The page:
Smoking cessation workers laid off
FRANKFORT - The Lexington-Fayette County Health Department will lay off four employees at the end of this month, including a key leader in Kentucky's tobacco control program.
Todd Warnick, who served since 1992 as the tobacco control manager for the state Public Health Department, learned earlier this month that he will be out of job on June 30. The move comes as a result of changes in how the state will run a new, more aggressive anti-smoking and tobacco control campaign.
A health educator, tobacco control specialist and clerk also will lose their jobs or move to other positions, said Dr. John Poundstone, Lexington-Fayette County health commissioner. The employees could apply for the new state positions.
The four employees worked in Frankfort state offices, but were paid by the health department through a grant the state got from the federal Centers for Disease Control and Prevention.
``I just feel like we've been done pretty dirty,'' said Debbie Cummins, a clerk for the program for more than two years. ``We were under the impression that we would become state employees.''
Warnick did not want to comment on the incident. He said yesterday he is undecided about whether to seek another state job.
In a letter to Poundstone, Dr. Rice Leach, Kentucky's public health commissioner, said the tobacco control programs should be managed by state staff.
``The high visibility, increasing funding ... have changed the setting enough to justify this change,'' Leach said in his letter, dated May 31.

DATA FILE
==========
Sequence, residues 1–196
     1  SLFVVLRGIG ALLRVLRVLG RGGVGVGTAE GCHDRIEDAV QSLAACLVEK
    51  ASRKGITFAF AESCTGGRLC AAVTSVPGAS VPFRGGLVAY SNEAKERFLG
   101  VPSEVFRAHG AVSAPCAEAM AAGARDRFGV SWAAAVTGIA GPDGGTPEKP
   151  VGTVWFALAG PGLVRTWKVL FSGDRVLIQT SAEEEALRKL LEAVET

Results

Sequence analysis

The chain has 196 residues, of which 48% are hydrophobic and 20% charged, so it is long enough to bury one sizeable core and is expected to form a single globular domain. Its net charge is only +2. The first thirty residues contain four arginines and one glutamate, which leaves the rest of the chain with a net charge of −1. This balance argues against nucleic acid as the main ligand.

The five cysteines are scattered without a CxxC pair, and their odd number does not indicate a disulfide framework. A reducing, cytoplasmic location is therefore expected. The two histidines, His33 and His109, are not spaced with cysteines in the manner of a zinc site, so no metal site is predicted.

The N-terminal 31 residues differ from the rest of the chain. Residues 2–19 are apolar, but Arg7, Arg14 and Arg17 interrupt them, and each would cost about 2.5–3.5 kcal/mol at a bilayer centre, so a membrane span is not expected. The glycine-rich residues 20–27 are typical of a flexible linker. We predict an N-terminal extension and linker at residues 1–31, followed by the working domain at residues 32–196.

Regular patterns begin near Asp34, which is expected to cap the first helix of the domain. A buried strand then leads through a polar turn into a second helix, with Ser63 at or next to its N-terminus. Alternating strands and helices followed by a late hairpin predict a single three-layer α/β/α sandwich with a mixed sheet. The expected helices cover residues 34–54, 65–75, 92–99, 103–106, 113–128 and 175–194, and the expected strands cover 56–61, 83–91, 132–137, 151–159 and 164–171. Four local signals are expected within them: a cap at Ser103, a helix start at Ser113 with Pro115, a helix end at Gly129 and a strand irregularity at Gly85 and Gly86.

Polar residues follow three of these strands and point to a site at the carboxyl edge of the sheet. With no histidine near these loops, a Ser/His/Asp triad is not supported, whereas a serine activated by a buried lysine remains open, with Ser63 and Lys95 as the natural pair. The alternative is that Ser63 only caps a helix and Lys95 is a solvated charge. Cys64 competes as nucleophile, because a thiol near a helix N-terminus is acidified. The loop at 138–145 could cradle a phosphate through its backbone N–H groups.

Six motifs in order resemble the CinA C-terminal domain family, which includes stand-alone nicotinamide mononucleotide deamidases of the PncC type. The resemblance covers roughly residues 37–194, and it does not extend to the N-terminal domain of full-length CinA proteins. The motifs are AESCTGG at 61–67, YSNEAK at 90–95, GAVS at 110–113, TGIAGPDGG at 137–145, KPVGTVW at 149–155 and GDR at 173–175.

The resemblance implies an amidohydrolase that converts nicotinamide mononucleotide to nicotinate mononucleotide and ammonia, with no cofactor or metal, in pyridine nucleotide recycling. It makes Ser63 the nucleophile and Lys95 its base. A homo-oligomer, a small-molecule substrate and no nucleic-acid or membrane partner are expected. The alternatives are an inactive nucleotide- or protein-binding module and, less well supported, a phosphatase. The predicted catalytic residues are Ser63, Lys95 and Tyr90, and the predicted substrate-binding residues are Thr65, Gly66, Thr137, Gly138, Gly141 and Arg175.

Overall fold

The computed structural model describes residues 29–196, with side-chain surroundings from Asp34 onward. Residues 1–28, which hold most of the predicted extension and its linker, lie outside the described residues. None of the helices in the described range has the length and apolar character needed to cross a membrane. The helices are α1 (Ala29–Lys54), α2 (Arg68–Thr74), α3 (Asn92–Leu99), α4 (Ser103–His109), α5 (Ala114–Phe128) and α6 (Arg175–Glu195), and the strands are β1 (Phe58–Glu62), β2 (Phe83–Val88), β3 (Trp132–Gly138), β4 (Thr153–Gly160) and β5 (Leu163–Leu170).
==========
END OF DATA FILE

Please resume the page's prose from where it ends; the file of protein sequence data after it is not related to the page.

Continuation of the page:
Kentucky's 2000 General Assembly enacted Gov. Paul Patton's plan to spend $5.5 million over two years on a unified statewide anti-smoking campaign.
The legislature also appropriated $5 million to establish a substance-abuse agency within the governor's office, to target tobacco, drug and alcohol use.
The money, from a national tobacco settlement, is needed to help the state reduce its high smokers' population.
Lung cancer kills more Kentuckians than drugs, drunken drivers, traffic accidents, cirrhosis, breast cancer, suicide and homicide combined; 85 percent of lung cancers are caused by cigarettes.
Smoking also contributes to heart disease, the state's biggest killer. Almost one in four Kentucky deaths is attributable to smoking. And almost a third of those deaths are people younger than 65.
Leach said in an interview that he is following state guidelines by opening up the positions and not automatically shifting the four workers into state staff. He also said it is not unusual for the state to contract some positions with health departments.
The tobacco control program is the only department affected by the change, said Leach, but state health administrators are reviewing other contracts with health department employees.
Leach said there are no plans to ``do a wholesale of tossing of people around.''